On 3 and 4 November in Sydney, financial services professionals and technology innovators gathered at the latest edition of FST Media’s Future of Financial Services.
The event saw 79 speakers from both the technology and finance sectors share their insights on the development of the financial services sector, and how it adapts in a rapidly transforming digital environment.
We take a closer look at some of the topics discussed by leaders in the industry today, the challenges the financial services sector faces and the digital transformation trends paving the way for more innovative customer experiences in the future.
Embracing a new digital world in financial services: AI, Web3 and the Metaverse
The world has undergone a dramatic digital shift in recent years, resulting in the transformation of industries worldwide. The advent of artificial intelligence (AI), the Metaverse and Web3 in general has started to change the way financial services is approached.
AI has become integral to any modern business as it allows companies to deliver faster, safer and more efficient performance to employees and customers. It now lies at the heart of digital strategy, enabling organisations to stay relevant, provide personalised services and achieve more with less resources, saving time and costs.
This is particularly evident in the North American banking sector. It is projected that US banks can expect to save around US$70 billion by 2025 simply by automating middle-office tasks with AI. Additionally, AI has improved security through a proactive approach to detecting fraud by tracking data anomalies and transactional patterns.
Web3 and the Metaverse
Though still in their relative infancy, Web3 and the Metaverse have significantly grown in the past year and have the potential to become immersive technological experiences that can change the financial services sector.
The Web3 ecosystem has already impacted how humans and machines interact, while the Metaverse has purportedly been predicted to be: “the next evolution of the internet – a 3D model of the internet”, opening a pathway to new marketing opportunities, infrastructure and services.
This potential can already be seen with the merging of real and virtual assets and is something that industry experts and leaders are keeping an eye on. For instance, HSBC’s purchase of virtual land in The Sandbox earlier this year, while at the same time reducing the number of physical offices, is an early indication of the Metaverse and Web3’s promising utility in the financial world.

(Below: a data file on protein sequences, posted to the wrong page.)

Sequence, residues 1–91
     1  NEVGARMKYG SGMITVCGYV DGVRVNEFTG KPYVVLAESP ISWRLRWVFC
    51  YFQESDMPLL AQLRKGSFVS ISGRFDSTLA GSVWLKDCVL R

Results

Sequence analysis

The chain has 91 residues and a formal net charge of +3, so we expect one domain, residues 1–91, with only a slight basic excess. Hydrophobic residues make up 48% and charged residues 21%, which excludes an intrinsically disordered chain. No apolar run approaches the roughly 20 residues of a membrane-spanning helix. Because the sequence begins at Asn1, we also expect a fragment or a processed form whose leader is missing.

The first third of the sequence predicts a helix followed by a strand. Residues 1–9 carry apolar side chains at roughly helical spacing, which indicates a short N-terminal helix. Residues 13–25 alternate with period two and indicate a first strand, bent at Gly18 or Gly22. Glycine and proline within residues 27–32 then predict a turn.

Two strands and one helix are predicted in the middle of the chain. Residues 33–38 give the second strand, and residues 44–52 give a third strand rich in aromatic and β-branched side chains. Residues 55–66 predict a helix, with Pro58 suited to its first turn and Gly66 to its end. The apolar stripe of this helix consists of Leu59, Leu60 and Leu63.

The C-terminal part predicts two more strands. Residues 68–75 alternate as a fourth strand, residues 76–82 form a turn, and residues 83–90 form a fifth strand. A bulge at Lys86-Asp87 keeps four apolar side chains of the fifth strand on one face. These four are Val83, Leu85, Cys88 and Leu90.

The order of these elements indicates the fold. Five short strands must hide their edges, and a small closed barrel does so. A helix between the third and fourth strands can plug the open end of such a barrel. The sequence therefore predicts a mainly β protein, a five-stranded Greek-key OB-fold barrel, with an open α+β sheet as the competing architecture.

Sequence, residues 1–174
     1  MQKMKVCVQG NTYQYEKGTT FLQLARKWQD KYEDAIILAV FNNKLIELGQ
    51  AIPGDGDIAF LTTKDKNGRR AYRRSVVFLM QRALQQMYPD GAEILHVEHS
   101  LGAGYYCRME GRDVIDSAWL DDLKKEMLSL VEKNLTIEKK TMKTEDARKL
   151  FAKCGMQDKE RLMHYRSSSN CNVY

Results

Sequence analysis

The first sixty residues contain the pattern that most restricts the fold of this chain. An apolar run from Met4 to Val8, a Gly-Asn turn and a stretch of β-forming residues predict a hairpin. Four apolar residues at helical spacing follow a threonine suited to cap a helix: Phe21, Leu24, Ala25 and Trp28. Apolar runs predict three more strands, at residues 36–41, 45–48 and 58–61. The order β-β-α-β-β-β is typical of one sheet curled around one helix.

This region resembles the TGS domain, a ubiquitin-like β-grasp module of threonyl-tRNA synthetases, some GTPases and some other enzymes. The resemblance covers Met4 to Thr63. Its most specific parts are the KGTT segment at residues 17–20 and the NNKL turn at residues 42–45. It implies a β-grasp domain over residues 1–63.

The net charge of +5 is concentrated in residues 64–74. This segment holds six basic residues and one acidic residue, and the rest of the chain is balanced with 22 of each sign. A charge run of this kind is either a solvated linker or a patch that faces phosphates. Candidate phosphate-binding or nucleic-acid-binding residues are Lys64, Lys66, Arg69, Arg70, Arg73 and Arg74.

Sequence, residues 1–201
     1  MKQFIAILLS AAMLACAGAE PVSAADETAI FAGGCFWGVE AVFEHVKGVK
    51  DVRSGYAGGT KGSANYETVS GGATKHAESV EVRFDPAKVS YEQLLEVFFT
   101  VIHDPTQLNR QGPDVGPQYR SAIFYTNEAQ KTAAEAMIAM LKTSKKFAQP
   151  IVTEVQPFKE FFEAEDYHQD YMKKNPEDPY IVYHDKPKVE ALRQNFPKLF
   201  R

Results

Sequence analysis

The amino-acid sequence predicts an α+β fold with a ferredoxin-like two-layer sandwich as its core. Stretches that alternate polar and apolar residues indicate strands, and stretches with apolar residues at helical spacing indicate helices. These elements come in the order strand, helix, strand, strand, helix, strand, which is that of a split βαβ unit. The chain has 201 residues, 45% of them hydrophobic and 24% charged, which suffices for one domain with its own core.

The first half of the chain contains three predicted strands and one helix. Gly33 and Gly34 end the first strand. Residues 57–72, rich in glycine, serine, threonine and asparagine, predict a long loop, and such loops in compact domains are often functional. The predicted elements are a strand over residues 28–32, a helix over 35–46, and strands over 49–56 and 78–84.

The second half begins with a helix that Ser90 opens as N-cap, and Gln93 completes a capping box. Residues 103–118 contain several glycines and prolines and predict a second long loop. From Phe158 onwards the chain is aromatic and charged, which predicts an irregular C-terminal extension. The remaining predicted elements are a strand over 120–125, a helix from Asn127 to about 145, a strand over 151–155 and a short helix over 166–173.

The growing importance of cybersecurity
Cybercrime has ramped up in recent years, leading to cybersecurity being top-of-mind when it comes to the financial services industry. The financial impact of data breaches has increased, now costing an estimated US$3.62 million each time.
Due to the constant growth and sophistication of cybercrimes – with an estimated 30,000 websites hacked daily on average and over 60% of companies worldwide experiencing at least one type of cyberattack – it is no longer a matter of “if” and is now simply a matter of “when”. The financial services sector should in turn be prepared for attacks that are greater in volume and sophistication.
Managing hybrid work and a flexible workforce
Although there’s been a shift towards hybrid working globally, this working arrangement is still a ‘work in progress’. Many organisations and leaders have yet to find the optimal hybrid working set-up to support employees, but there are solutions that support a world of remote work.
The right change management strategies are essential to change not just leadership, but also employee mindsets on how to approach flexible working. In addition, improved communications and user-centric workflows must be established to improve overall processes so that the hybrid workforce can thrive no matter where they are.
The non-negotiable shift to cloud computing
Moving to the cloud has become essential for financial services organisations if they don’t want to be left behind. Not only will this enable more agility, moving to the cloud will also improve security capabilities.
Many businesses are now taking this migration more seriously, with a recent example being Suncorp and its goal of moving 90% of its workloads to the public cloud and 10% to a hybrid cloud environment by 2024.
Prioritising customer experience (CX)
With CX becoming more important than before, businesses in the financial services industry must pay attention to new ways of improving the customer journey. One way is to reduce friction by listening to what customers are saying and addressing their concerns. This ensures customer experiences are as smooth as possible, minimising the chance of customers dropping out or exiting their customer journey.
Creating a hyper-personalised CX is also another key strategy in improving the customer journey. Hyper-personalisation enables businesses to build better engagement, relevance and trust, demonstrating that they know how to address their customers’ needs and solve their problems.
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